Video Recorder App with SwiftUI [1] — Set Up

Enebin
6 min readJun 11, 2023
Photo by Thomas William on Unsplash

The existence of UIImagePickerController is enough to help apps that simply need to take photos or shoot videos. That's what I thought, too. I believed that by using this API while preparing my personal project app, the video shooting part would be solved like a charm. In conclusion, I was wrong.

UIImagePickerController is an API that provides only very basic functionalities. Thus, it does not allow for detailed adjustments, and this is its biggest disadvantage.

Among the features I wanted to implement was the ability to shoot a video while playing music. To achieve this, I had to eliminate audio input during video recording. I searched in many different ways, but I was disappointed when I finally realized that it was impossible. ‘Do I have to look into AVFoundation from the beginning? That's dreadful!'

Nevertheless, I successfully developed the app and deepened my understanding of AVFoundation through numerous refactoring and modularization processes. I didn't want to keep it to myself. So, I decided to write this article to summarize my experience. While it's not a short process, as long as you understand the order of operations correctly, it's not that complex task.

To help you understand, I plan to provide visual materials using an amazing graph tool Mermaid. Unfortunately, Medium can’t render Mermaid, so please understand that I'll be using captured images instead of the original ones.

Then, let’s dive in!

First, please note that the project is based on the following environment:

  • Xcode 14+
  • iOS 14+
  • SwiftUI

Overview

There are mainly three steps to record a video on iOS.

1. Check permission and set up a session

2. Connect Input and Output to AVCaptureSession

3. Start/stop recording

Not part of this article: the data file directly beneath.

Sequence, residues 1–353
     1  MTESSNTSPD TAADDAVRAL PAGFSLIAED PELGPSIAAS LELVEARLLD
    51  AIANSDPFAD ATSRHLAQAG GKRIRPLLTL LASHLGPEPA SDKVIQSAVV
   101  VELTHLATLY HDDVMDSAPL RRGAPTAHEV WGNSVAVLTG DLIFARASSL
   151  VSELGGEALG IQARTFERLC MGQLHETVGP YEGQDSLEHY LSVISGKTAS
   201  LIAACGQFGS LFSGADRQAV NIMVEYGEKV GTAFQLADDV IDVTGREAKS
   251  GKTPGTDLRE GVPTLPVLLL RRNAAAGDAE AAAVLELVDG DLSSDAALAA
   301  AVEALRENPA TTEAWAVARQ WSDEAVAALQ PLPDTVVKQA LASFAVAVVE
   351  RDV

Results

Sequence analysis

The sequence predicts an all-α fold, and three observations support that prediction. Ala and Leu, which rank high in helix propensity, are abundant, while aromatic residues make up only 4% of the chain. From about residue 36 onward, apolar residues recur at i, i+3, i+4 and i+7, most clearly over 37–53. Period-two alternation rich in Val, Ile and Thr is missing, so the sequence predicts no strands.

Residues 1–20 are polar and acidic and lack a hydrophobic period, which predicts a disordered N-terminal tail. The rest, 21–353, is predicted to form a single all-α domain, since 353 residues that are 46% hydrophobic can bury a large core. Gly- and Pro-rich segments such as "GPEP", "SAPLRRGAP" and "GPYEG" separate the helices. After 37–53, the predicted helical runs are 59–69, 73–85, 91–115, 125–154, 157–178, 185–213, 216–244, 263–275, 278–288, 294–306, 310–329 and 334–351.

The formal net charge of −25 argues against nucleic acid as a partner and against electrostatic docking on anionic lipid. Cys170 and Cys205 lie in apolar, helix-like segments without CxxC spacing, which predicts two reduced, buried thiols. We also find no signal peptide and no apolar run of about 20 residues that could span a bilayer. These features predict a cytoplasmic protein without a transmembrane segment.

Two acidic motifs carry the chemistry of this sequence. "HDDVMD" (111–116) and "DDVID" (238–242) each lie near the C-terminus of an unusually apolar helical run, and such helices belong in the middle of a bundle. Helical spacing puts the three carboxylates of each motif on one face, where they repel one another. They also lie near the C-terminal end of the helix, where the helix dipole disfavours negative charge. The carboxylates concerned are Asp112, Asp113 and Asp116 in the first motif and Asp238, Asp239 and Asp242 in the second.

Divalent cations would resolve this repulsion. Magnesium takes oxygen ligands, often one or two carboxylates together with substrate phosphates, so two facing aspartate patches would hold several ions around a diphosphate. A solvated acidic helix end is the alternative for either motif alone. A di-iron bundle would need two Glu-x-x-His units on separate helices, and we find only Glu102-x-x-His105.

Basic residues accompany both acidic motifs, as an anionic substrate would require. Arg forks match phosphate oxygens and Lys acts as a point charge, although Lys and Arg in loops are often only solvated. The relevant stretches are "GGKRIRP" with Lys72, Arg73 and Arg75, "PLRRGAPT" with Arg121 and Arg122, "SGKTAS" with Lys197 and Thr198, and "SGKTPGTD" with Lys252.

• (Optional) Register a file in the album roll of the built-in album app

Many parts are omitted on the graph, but the overall flow does not deviate from this. So for now, it’s enough to understand it goes through such a process.

⚠️ Warning
If an error occurs even once during the process, you cannot proceed to the next step. Therefore, it is important to identify where the error occurred. This is also why dealing with videos is difficult.

1. Check permission and set up a session

Permission check

Let’s start from the part requesting permission and processing the result of request.

Step1

First, check if you have written a Privacy description in info.plist. This is something developers have to handle on their own. For more information, please refer to the document.

Step 2

We’re good to go now. The code to request permission is as follows.

struct AuthorizationChecker {
static func checkCaptureAuthorizationStatus() async -> Status {
switch AVCaptureDevice.authorizationStatus(for: .video) {
case .authorized:
return .permitted

case .notDetermined:
let isPermissionGranted = await AVCaptureDevice.requestAccess(for: .video)
if isPermissionGranted {
return .permitted
} else {
fallthrough
}

case .denied:
fallthrough

case .restricted:
fallthrough

@unknown default:
return .notPermitted
}
}
}

extension AuthorizationChecker {
enum Status {
case permitted
case notPermitted
}
}
  • There’re four basic status for the result of the request, but for convenience, we’ll simplify them into two cases, permitted and notPermitted.

Note
According to the document, along with denied, restricted is also treated as a state where you can't use the camera. Therefore, it returns notPermitted.

Session setup

Now look into how to configure the session. It’s quite easy to set up a session. All you need to do is create an instance of AVCaptureSession and connect the inputs and outputs!

Step1

You can create an instance of AVCaptureSession just by calling its constructor. No arguments are required, nor do you need to handle errors with try.